After the usual business at the AGM we were very fortunate to have a guest speaker in the person of Fr Gerry O'Collins SJ. Fr O'Collins taught me when I was a student in Rome and although I have attended many lectures by him in Italian this was the firsttime I had heard him give a talk in English. He is enormously well-read and has a gentle anecdotal style which was very evident today as he spoke about some of the themes of his recent book on Jesus. In particular he wanted to turn our thoughts towards the beauty of Jesus. It was an interesting presentation and was very well-received by those present.
After the talk we celebrated Holy Mass together and then enjoyed a magnificent festal meal. Before leaving I suggested it would be a good idea to get a photograph of the Rector, Mgr Jeremy Garratt with Fr O'Collins for the college archives and - of course - for the Southwark Vocations Blog!

Monday, June 09, 2008


A bit late to publish - but I just saw this videa and liked it very much....

Sunday, June 08, 2008

The Call of Matthew

The Gospel at Holy Mass today begins with the Call of Matthew and continues with the account of another of Our Lord's run-ins with the Pharisees. I am sure many priests preached about the second part of the Gospel passage but it struck me that we shouldn't miss the two short sentences that introduce it: as Jesus pases by he calls Matthew who gets up and follows him. It is a wonderful account of a vocation from the Gospel. Jesus calls. Matthew responds.
Matthew could be thought an unlikely character for the Lord to call. No one would have described Matthew as holy. Surely there were many other good and faithful Jews - why does the Lord call someone who would have been regarded as something of a dodgy character? He was certainly compromised by his dealing with the Roman authorities. I think that is a very good lesson for us. We shouldn't forget that St Mark says simply, 'Jesus called those he wanted and they came to him". There is no 'profile', no list of suitable characteristics. We are called simply because that is the will of Christ not because of our personal merits or gifts.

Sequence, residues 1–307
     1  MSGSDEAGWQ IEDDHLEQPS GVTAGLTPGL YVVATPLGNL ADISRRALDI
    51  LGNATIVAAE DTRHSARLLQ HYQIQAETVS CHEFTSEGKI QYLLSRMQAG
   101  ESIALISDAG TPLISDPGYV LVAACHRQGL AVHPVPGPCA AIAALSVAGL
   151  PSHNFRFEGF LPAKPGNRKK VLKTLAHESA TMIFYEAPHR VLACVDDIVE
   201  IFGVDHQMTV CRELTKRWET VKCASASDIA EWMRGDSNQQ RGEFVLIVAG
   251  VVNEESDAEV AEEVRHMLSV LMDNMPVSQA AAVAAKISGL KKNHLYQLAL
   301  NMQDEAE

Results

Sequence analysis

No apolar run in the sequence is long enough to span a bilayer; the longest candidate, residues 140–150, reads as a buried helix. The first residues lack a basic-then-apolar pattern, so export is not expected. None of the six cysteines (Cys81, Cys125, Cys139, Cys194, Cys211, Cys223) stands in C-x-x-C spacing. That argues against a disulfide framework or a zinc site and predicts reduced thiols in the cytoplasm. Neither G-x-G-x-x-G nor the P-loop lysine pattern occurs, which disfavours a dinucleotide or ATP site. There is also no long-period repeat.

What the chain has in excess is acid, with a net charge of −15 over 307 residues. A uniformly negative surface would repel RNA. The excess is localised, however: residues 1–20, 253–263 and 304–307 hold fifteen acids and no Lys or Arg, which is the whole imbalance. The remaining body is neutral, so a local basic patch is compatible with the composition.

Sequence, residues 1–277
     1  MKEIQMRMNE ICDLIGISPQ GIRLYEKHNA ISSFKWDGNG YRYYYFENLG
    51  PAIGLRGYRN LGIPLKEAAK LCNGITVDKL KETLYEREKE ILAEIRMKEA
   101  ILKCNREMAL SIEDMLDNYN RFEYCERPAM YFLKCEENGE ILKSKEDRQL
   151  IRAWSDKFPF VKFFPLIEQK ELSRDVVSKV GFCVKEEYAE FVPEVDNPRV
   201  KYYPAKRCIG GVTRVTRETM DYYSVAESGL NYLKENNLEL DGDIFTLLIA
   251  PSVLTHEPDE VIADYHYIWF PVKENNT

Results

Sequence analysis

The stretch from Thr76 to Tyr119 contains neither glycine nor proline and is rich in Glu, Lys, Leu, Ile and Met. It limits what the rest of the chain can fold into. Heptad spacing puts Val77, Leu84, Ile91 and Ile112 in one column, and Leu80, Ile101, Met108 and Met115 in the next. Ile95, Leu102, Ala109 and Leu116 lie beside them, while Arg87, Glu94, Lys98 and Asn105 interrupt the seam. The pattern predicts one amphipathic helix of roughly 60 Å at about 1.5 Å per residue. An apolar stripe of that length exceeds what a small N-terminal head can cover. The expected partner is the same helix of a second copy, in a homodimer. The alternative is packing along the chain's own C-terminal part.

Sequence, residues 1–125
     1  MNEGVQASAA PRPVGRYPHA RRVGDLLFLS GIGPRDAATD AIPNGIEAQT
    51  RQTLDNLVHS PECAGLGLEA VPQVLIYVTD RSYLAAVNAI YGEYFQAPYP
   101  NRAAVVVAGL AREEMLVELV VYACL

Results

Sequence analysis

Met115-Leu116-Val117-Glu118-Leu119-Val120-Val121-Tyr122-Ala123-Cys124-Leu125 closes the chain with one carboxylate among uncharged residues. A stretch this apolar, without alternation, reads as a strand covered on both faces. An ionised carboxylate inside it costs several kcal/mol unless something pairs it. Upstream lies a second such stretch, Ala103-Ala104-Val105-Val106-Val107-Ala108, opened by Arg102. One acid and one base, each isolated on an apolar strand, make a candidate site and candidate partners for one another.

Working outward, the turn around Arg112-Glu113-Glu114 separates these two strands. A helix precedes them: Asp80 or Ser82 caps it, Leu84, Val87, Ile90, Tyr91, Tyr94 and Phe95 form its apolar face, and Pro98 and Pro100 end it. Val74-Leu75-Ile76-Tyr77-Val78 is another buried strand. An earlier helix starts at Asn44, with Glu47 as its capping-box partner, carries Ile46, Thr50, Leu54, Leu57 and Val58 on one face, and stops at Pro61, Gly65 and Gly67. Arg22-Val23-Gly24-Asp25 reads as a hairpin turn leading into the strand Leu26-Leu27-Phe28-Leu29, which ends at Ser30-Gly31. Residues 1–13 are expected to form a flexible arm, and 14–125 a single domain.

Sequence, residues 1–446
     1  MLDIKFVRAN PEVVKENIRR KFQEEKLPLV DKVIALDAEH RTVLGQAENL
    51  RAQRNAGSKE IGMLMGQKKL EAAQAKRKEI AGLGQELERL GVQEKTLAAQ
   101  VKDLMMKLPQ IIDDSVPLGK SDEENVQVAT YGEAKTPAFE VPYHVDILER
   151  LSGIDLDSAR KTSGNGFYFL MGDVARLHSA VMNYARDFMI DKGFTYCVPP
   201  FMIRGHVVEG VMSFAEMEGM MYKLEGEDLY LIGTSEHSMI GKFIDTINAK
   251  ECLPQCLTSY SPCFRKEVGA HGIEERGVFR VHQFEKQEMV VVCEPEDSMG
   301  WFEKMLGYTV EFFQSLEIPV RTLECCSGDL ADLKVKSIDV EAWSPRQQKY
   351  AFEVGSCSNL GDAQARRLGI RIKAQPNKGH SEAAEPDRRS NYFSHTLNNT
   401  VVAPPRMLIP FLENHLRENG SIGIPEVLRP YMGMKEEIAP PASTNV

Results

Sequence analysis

Matthew is collecting taxes when Jesus goes past. He is not in the Temple or sniffing about the synagogue. He's not a 'Holy Joe'. He is engaged in his 'professional work' and doing it with a professional spirit. If he hadn't been there at his desk he wouldn't have seen the Lord. It is unlikely that Jesus would have come back a second time. Had Matthew not been about his duties or had he wanted time to 'discern' the Lord would have gone on and that would have been the end of it. This is a challenge to us. What sort of student would Jesus call: the diligent one or the lazy one? Certainly the diligent one: the one who is doing what he is supposed to be doing.
I very much like Carravaggio's painting of the Call of Matthew. Jesus and Peter are passing by but you would hardly recognise which one is the Lord. Jesus is identified by a very slight, almost imperceptible halo. It is as if the artist is saying that the Lord passes by indistinguishable from everyone else. There is practically nothing to identify him and therefore the vast majority of people do not recognise him. Indeed behind Matthew are two of his colleagues so taken up with the day's gathering that they don't notice the presence of these two strangers at all.